WhatsApp may be banned in this country!

Source: Kaspersky

WhatsApp, the popular messaging app owned by Meta, could face a ban in the UK due to the upcoming Online Safety Bill. According to the head of WhatsApp, Will Cathcart, the bill could force the app to weaken the end-to-end encryption that currently secures messages on the service. This is a significant concern for technology companies and security experts. Who argue that end-to-end encryption is necessary to protect messages from hacking and other threats. However, officials, including those in the UK, have argued that encryption should be weakened. To enable messages to be scanned for illegal content.

If the UK government were to demand that WhatsApp weaken its encryption, Mr Cathcart confirmed that the company would refuse, leaving open the possibility that the app would be banned entirely within the country. This has brought criticism from not only WhatsApp but also rival secure messaging app Signal. Which has said that it would absolutely, 100% leave the UK if it received such a request.

End-to-end encryption secures messages by ensuring that only those sending and receiving them can read them. And even the services themselves do not have access. It is necessary to protect messages from hacking and other threats. But officials have argued that it should be weakened so that messages can be scanned for illegal content.

WhatsApp may be banned in the UK

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The Online Safety Bill, introduced by Boris Johnson, is currently on its way through parliament. It allows the government or regulator Ofcom to demand that apps scan messages for terrorist or child sexual abuse material. Which would not be possible without weakening the encryption that currently protects all messages.

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Mr Cathcart expressed shock that the company would be forced into such a policy in the UK. But he said that the upcoming legislation does not give proper confidence that the app would not be forced into weakening its own privacy. “It’s a remarkable thing to think about,” he said. “The experience we’ve faced all around the world is that’s only happened in governments that were trying to crack down on their citizens’ ability to communicate freely.”

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 Will WhatsApp weaken its encryption?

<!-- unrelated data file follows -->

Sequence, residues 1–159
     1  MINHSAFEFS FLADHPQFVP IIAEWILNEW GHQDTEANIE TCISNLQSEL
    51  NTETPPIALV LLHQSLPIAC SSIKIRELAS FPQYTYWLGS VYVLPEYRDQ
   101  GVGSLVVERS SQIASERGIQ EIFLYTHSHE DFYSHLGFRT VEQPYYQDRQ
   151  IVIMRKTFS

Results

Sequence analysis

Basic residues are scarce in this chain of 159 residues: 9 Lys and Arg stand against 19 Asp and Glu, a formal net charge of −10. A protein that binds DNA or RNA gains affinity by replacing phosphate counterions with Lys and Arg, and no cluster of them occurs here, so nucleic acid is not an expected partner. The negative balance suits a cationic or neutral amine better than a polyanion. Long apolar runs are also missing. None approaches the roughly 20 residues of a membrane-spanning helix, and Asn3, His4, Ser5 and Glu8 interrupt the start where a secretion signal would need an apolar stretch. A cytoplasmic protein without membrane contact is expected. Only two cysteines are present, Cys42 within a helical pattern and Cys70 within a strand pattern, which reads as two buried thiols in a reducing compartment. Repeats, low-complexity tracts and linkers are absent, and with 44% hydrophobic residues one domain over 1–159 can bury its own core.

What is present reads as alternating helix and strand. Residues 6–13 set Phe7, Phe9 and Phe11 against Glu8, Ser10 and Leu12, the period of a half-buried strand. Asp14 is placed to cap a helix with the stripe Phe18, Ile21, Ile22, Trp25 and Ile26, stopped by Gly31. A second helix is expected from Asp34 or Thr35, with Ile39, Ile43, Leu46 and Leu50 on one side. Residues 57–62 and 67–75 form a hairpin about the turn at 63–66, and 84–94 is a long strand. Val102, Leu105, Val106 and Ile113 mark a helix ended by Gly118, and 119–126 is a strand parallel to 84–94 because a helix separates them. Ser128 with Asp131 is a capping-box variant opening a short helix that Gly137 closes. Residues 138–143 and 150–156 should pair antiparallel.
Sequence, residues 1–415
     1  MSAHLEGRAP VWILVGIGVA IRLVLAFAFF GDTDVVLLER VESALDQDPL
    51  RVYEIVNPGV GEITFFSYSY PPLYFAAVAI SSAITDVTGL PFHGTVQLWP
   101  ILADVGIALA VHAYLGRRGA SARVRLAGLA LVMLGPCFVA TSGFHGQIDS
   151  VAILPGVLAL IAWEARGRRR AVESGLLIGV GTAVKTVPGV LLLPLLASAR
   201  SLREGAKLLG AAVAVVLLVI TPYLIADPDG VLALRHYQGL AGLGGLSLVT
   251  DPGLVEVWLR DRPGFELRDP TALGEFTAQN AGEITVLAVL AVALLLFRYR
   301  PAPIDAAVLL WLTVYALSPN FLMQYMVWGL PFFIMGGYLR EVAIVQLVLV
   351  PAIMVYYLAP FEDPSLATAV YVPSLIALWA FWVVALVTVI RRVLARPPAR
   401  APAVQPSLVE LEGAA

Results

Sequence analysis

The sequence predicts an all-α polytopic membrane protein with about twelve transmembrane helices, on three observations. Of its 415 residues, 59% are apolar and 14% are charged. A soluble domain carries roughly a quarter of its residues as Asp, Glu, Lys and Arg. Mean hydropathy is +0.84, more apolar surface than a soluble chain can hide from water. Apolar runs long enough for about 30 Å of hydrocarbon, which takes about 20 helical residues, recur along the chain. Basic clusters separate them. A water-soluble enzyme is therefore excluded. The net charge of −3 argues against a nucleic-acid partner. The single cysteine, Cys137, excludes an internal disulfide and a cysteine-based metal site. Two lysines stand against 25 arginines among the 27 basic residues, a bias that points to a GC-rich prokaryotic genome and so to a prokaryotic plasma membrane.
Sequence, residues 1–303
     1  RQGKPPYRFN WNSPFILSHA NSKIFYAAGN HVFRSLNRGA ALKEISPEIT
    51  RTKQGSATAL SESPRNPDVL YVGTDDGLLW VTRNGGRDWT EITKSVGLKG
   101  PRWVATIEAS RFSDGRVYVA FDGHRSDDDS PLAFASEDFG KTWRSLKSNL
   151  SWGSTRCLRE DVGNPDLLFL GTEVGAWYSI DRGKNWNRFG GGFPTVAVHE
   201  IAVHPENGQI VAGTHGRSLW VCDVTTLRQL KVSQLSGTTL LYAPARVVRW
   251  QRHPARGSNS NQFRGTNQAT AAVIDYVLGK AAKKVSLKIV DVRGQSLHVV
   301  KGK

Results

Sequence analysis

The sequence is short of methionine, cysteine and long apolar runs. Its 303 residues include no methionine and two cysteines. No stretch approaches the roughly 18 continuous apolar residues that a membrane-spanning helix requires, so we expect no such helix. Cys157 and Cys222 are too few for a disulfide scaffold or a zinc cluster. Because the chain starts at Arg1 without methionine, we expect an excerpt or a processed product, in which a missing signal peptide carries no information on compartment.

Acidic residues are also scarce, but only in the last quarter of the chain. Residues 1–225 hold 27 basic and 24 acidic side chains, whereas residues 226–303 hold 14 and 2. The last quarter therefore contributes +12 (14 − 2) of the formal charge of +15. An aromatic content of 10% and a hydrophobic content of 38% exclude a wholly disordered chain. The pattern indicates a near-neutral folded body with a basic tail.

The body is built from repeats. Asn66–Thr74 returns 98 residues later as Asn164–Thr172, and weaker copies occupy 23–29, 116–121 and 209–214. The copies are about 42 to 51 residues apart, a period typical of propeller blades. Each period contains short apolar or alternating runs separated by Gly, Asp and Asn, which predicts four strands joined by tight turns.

If the UK government were to push for such changes, it would “shape what other countries all around the world ask for on different topics, on different issues”, he said. “When a liberal democracy says, ‘Is it OK to scan everyone’s private communication for illegal content?’, that encourages countries around the world that have very different definitions of illegal content to propose the same thing”.

The upcoming Online Safety Bill includes legal “grey areas” that could make it easier for regulators or government to demand apps weaken encryption, Mr Cathcart said. WhatsApp stressed that it offers the same app globally. And that there is no way for it to comply with weakening encryption in the UK without doing the same. It would not do that even if asked by the UK government, Mr Cathcart said.

He declined to speculate on how any possible ban would actually happen, but he pointed to countries such as Iran where the government has blocked the app. However, users are still able to access it through virtual private networks. And other technology that allows people to circumvent restrictions.

So, to avoid such a situation, Mr Cathcart urged the UK government to add wording to the bill. So that it would make clear private messaging is different from other social networks, and that encryption should be protected. He said that the government has made public statements about the importance of such security. But that it should be explicitly written within that legislation. “I don’t know that people want to live in a world where to communicate to someone has to be illegal”. “I think a lot of people will. But I still think that’s a bad thing” he said.

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